Scripture says that Martha “was distracted by all the preparations that had to be made” (Luke 10:40), and she, in her anger and possibly, stress, snapped at Jesus saying, “Lord, don’t you care that my sister has left me to do the work by myself? Tell her to help me!”.
Oooh boy! Can you imagine talking to the King of Kings in this way???
She tells the Lord that a) He doesn’t care about her and actually gave Him a command to make Mary help her! Woah!
Getting wrapped up in her to-do list, she turned her focus away from our Savior.
Jesus, so kind, so compassionate, knew her heart and that she was worried and troubled. He calmly told her that she needn’t worry about all of the preparations and that spending time with Him was all that was needed, as Mary had chosen to do.
Mourning the Death of Lazarus
The next time we see Martha in scripture, it is just after the death of her brother, Lazarus (John 11).
The sisters had sent word for Jesus when Lazarus became sick. They said ““Lord, the one you love is sick.” (John 11:3), but Jesus arrived after Lazarus had already died.
When Jesus approached the town of Bethany, Martha ran out to meet Him and said, “If you had been here, my brother would not have died. But I know that even now God will give you whatever you ask” (John 11:21–22).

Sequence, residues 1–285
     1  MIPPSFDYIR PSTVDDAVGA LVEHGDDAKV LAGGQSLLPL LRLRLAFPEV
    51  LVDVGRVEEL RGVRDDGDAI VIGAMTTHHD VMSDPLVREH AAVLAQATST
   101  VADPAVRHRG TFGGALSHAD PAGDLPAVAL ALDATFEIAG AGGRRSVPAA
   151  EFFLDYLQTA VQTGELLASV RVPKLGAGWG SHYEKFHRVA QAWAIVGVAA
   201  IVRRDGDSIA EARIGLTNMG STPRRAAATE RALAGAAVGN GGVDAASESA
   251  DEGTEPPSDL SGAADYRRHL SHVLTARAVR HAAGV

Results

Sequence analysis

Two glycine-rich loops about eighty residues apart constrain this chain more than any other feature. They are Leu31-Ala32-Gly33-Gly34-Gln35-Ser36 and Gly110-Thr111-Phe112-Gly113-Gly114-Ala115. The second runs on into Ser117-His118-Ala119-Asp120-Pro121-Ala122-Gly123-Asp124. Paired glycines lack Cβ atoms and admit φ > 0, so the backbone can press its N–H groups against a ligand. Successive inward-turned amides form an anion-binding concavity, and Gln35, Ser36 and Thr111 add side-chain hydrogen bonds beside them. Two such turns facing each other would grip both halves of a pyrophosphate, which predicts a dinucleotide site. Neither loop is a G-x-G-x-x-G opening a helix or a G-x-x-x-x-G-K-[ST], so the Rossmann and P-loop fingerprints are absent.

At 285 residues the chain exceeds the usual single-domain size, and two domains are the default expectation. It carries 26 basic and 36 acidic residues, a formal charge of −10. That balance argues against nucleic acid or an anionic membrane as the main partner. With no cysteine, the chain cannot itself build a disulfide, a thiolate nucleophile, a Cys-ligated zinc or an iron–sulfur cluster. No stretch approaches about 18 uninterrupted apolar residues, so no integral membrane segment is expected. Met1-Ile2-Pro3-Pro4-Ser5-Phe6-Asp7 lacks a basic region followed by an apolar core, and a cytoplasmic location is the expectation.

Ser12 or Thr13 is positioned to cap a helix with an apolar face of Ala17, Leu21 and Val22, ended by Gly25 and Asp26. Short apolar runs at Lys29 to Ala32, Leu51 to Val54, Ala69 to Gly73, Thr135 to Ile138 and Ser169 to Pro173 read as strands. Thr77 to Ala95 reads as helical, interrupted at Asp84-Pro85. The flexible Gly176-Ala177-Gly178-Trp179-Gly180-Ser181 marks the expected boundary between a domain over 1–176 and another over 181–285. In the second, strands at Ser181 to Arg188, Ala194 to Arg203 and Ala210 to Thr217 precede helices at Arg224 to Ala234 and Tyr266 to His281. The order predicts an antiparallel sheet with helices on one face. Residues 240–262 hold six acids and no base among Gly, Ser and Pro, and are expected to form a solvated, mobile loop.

Two things stand out to me here: First, she has complete faith in Him that He will heal her brother. Second, is her statement, “If you had been here, my brother would not have died,” a bit accusatory? Martha seems to speak before she thinks, sometimes.
Martha’s faith, however, was rewarded as, four days after the death of Lazarus, Jesus resurrected him.
Serving Jesus and Another Faux Pas
This was the dinner where Mary, Martha’s sister, anoints Jesus’ feet with the expensive perfume. One of the disciples questioned this act and insinuated that this was wasteful and that the poor might have benefited from the money if the perfume were sold. This disciple, Judas, (the same one who would later betray Jesus) wasn’t concerned about the poor. Oh, no, he was greedy and saw dollar signs in his eyes when he saw the perfume.
“But one of his disciples, Judas Iscariot, who was later to betray him, objected, “Why wasn’t this perfume sold and the money given to the poor? It was worth a year’s wages.:
Anyway. I digress.
When we read the three stories about Mary and Martha in the Bible, we learn so many lessons. Lessons about trusting God, using our resources wisely, and keeping our eyes focused on what is important – Jesus.
Read below for nine important lessons we can learn from Martha in the Bible.